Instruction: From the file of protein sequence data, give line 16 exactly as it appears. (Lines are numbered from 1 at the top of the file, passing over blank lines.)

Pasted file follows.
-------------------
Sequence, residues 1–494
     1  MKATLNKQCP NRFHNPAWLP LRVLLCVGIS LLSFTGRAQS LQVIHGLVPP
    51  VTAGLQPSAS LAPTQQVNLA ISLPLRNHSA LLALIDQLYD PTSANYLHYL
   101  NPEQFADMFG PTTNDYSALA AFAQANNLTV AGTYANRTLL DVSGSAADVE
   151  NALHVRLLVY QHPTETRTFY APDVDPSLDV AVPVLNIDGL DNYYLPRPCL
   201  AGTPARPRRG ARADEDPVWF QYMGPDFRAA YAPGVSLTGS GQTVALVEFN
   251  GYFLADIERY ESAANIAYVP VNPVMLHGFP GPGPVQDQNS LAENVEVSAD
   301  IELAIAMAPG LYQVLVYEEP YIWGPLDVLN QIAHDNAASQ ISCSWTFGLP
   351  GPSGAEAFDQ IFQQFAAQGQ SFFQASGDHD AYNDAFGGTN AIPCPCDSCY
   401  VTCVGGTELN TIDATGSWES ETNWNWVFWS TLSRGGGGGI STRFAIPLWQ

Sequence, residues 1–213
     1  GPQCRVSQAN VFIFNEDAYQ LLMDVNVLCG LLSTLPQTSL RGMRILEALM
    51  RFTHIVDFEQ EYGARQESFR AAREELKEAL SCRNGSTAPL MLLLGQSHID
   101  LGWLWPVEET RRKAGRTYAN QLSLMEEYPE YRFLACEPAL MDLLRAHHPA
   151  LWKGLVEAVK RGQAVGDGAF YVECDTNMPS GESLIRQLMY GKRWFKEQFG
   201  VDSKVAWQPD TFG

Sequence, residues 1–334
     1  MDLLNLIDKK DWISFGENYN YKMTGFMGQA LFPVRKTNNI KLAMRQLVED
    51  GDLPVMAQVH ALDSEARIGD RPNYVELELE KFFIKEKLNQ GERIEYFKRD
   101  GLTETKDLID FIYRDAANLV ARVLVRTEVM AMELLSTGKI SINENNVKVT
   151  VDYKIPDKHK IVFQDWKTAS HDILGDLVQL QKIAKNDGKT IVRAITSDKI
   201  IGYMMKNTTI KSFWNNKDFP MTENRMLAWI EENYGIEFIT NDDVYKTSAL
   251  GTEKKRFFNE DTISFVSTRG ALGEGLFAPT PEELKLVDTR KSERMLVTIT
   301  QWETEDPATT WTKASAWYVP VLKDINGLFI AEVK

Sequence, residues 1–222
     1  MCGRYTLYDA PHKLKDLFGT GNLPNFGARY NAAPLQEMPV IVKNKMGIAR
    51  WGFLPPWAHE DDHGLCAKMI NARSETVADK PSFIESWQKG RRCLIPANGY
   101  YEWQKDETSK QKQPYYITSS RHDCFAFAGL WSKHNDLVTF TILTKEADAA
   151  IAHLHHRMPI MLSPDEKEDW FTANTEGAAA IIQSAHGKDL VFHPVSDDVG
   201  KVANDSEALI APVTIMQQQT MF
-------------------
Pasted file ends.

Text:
   201  VDSKVAWQPD TFG